It's a stripping down of so much of the material and the omnipresent technologically forward-rushing world into this sense of pure simplicity. It's the line "Embrace, or kill the one you love," which I just can't get out of my head.

Percy: That's it. That's really the choice. That's what we do. That's what you do when you're faced with that. You're faced with that in relationships. This is my second marriage. I was married before for almost eleven years. My wife now and I have been married a year. We were together for almost four. I'm extremely happy in this relationship because we are very conscious and we accept loving each other on another level beyond just the superficial. We've gotten to this next level where it is an extreme acceptance of the other. And it is my goal to get to this level with everyone. Because then you are free. You're really free. It's amazing how that line operates with people in a live setting. We did this festival in Italy in 1996--the Time Zones festival--and we did "Lament" differently than we usually do. We did it real quiet at the end. I just kept repeating that line. You could just see it working on people. It was amazing. (laughs) They were mesmerized by it; some people were really uncomfortable, some were really moved. People know that. That's true. They all know the tiny violences and joys that we foist upon one another.

On a very literal level when you first hear that lyric, you can't escape the visceral and violent reaction which it brings to mind. But it is only after it works on you a bit that you realize that it isn't necessarily a physical death, but it's a spiritual death. If you don't embrace that love, then it isn't going to last.

Percy: It's not going to last. It's not going to stay. Relationships are like flowers and plants. You got to prune them, you got to water them, you got to weed them.

One of my other notes here was to ask you about your Muse, whether or not it was your wife.

[ meridiem ]

Percy: You know, the Muse is variable. Sometimes it is. I wrote "Under the Wonderment" on Incidental Seductions for Andi. Sometimes the Muse is other things. It's just the Spirit. We did "Seraph Song" [from Incidental Seductions] and that's just a deep attachment to an angelic presence that is difficult to describe. So the Muse shifts and morphs. Sometimes it is circumstances; sometimes it is pain and tragedy. So the Muse morphs to wherever I'm at. I'm one of those writers--I'm like a lot of writers I think--I don't do my best work when I'm giddily happy.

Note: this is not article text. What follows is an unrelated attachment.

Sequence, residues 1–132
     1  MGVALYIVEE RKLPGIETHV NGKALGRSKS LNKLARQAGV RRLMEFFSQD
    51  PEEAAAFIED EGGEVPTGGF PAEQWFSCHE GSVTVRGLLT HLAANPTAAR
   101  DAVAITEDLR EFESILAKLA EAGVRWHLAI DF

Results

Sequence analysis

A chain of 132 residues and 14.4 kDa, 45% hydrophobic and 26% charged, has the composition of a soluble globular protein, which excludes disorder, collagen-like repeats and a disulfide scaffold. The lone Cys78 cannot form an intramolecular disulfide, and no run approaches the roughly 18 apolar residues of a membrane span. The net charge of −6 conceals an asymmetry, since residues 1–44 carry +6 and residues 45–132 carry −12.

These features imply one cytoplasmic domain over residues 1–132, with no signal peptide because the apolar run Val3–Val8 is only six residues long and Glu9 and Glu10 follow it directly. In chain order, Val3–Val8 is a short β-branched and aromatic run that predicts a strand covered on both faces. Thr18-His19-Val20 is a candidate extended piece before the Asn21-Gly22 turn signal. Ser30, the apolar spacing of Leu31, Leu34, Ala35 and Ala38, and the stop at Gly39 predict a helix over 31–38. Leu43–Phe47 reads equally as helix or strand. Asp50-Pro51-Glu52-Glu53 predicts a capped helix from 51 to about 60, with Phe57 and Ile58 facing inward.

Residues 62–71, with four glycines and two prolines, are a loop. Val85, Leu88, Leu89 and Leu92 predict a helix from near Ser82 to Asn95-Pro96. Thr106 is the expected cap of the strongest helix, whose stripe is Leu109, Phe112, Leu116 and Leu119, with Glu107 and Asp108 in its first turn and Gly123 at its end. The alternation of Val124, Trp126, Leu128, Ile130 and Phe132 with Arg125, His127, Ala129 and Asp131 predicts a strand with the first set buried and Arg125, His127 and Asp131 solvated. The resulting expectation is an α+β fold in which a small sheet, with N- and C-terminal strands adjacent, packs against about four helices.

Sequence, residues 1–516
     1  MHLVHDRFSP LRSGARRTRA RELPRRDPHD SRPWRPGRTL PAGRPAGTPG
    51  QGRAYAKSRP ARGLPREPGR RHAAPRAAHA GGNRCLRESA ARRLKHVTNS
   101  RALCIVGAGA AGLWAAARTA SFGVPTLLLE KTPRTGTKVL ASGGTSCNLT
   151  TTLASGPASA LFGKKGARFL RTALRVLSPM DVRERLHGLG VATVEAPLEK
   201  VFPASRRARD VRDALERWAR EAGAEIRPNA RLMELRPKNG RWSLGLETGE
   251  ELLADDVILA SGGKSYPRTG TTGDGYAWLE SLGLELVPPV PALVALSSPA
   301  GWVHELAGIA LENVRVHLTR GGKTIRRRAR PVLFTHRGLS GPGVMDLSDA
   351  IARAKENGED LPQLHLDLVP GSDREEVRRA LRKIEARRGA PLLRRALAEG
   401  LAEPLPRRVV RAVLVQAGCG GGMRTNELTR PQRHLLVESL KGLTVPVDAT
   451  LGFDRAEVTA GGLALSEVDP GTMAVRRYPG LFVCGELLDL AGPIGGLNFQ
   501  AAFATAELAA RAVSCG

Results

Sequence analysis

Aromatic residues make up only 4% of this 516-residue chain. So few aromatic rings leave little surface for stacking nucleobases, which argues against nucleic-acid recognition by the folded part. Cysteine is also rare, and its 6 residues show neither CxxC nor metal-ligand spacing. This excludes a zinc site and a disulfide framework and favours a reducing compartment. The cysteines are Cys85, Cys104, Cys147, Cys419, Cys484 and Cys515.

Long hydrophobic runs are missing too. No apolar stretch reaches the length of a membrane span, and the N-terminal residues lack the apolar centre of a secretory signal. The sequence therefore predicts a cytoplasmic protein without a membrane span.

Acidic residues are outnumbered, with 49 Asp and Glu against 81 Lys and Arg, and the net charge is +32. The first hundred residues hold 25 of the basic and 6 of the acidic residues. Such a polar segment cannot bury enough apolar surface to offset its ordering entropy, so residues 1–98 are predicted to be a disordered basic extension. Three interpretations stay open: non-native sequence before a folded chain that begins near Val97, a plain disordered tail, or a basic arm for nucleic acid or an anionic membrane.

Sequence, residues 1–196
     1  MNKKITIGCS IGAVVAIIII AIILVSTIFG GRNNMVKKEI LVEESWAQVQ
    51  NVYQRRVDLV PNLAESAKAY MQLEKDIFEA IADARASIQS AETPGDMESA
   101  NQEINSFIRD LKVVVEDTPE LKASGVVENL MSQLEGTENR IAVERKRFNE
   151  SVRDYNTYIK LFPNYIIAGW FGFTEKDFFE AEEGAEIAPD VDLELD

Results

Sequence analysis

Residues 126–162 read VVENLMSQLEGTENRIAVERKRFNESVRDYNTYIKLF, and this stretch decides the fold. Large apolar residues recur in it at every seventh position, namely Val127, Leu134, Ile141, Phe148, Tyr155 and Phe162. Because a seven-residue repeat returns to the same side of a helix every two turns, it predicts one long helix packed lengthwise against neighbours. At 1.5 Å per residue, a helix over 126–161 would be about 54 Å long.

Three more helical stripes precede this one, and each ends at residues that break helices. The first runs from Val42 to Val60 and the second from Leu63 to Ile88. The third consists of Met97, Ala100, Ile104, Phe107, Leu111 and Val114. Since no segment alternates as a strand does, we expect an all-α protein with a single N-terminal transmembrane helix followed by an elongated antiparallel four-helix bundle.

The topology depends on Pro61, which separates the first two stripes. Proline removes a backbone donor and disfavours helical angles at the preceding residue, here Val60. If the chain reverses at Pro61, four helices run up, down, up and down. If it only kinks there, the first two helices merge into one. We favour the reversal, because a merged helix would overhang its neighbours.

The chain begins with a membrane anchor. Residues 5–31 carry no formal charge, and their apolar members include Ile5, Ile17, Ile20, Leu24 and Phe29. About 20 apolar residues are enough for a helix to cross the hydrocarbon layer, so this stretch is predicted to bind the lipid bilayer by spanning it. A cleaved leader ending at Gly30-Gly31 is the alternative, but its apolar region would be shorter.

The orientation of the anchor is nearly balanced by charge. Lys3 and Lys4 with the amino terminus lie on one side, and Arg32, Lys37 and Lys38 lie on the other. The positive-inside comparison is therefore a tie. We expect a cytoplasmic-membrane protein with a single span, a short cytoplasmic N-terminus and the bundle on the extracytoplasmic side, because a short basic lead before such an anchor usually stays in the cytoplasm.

(laughs) Of course not.

Percy: Even if you're writing about love. It doesn't generally come from that.

Usually I'm not even writing when I'm giddily happy.

Percy: I'm trying to work on that. I've got to force myself to write something when I'm ecstatic. Just to see what comes out. Generally when I do that I think it sucks.

'Cause you look and go: "Wow. That is just too sappy."

Percy: Yeah, too saccharine.

A lot of the songs about personal relationships come off as very involved. I feel almost voyeuristic in some ways listening to them because I'm aware that it is not my relationship. It is the singer's relationship with someone else and that person is a very lucky person because there is a connectivity there that is transcendent.

Percy: Yeah, Andi inspires a lot of that. Some of it too is a universal wanting, some of it is experiences I've had in the past. I've been fortunate in that I've had some very good experiences in my life and that's good. You encapsulate and learn from it. I'm also one of these people who is very good at reverie and projection. Some of this stuff isn't always grounded in complete fact. You take the two part cycle "Thirst" and "Succubus" [on Incidental Seductions]. Now, I've not had any relationships that awful. I know people who have been put through the wringer and seen the pain and tragedy. You see how the masochist/sadist dyad really wrecks people.

[ pieta by george klein ]